Technology news and commentary by the staff

Turn a small home UPS into a giant UPS (video)

with 7 comments

Having a UPS is fairly common these days. However, one gripe I’ve always had and that you might too is the limited capacity you get on them. Even nicer $200+ ones might only give you a few minutes on a powerful PC, and for large capacity you could easily spend $1000 or more. Neither option was good for me. So I decided to make a better one myself.

To start with, I purchased 3 “Ultra” brand UPSs about a year ago. They are completely silent, small, and functional. Cheap, yes, but functional. However, with my machine on one of them, it only lasts around 3 minutes before powering off. This might be enough to shut it down, but if the power is out for only 15 minutes I’d rather just ride it through. Inside the UPS were 2 small sealed lead acid batteries, like you find in most UPS units, 12V each, in series. They are the same type of battery you find in cars, trucks and boats – just smaller. Using that logic, I took some common hardware and rebuilt this UPS. I did a small bit of research to determine the proper wire size given the load. The UPS used is an Ultra 1000VA. (warning, a small bit of profanity is in the video)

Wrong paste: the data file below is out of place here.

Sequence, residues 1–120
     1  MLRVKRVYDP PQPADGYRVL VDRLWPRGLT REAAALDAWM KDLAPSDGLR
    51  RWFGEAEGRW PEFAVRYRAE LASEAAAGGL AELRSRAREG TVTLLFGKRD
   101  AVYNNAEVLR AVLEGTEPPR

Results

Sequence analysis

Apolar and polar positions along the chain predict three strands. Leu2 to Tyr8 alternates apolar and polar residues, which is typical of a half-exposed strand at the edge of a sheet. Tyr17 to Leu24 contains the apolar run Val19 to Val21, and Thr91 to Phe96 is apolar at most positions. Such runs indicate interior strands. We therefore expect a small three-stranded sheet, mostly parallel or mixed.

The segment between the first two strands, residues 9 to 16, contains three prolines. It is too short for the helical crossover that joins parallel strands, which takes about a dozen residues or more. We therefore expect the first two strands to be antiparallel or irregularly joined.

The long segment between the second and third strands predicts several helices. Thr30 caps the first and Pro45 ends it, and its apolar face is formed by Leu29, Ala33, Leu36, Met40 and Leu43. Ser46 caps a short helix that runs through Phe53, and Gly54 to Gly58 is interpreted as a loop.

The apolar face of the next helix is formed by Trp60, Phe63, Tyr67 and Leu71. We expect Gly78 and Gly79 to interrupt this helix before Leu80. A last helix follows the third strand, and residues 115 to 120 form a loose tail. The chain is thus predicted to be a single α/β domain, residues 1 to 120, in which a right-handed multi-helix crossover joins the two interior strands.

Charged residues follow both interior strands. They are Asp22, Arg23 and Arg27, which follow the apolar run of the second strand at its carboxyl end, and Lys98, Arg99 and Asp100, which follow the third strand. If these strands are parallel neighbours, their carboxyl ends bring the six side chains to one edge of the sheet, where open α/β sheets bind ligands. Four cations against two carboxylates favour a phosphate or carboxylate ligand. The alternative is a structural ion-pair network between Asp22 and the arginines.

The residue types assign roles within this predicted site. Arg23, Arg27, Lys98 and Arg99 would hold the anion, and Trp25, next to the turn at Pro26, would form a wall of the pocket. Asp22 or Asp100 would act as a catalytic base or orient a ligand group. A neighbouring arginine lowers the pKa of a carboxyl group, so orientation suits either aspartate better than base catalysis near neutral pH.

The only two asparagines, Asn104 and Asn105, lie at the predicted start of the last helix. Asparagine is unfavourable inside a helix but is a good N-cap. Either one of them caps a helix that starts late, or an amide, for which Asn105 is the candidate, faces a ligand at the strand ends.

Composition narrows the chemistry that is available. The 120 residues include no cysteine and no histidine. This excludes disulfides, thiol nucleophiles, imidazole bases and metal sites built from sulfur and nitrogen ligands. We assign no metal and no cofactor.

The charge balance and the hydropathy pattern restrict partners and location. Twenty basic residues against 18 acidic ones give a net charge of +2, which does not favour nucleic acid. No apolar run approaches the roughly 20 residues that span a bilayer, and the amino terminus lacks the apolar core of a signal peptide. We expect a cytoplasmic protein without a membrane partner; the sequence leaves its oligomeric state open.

The tools involved were simple. I had 20 feet of 10 Gauge wire, two ring terminals and several Male/Female disconnects. I needed wire strippers and wire crimpers for that. The UPS itself only required a screwdriver to take apart. I used a nice Dremel to bore a hole in the plastic, though realistically you could do that with a knife. For the batteries, I purchased battery boxes. It was a simple matter to remove the stock batteries, run and terminate the wire, then put the new batteries in place.

There are downsides to doing it with these batteries. Space, of course, and safety. These are standard lead-acid deep cycle batteries, meaning that they can and do release gas when discharging. For that reason, I have these batteries situated outside. To do this safely indoors, you need a well-ventilated room OR you need to use sealed batteries.

I am going to do this with the other two UPS units, too. Next time, however, several things will change. I am going to use sealed batteries, slightly more expensive but completely safe to use indoors. I will also use shorter cable lengths. I will remove the buzzer inside that makes that awful beep, and I will install a slow 80MM or perhaps 120MM fan inside, quiet but enough to bring some air over the unit in case sustained operation heats it up too much.

All in all, I spent about $300, including the tools, to make a UPS with an ~80AH capacity.

Written by Julio Franco

March 2nd, 2008 at 2:06 am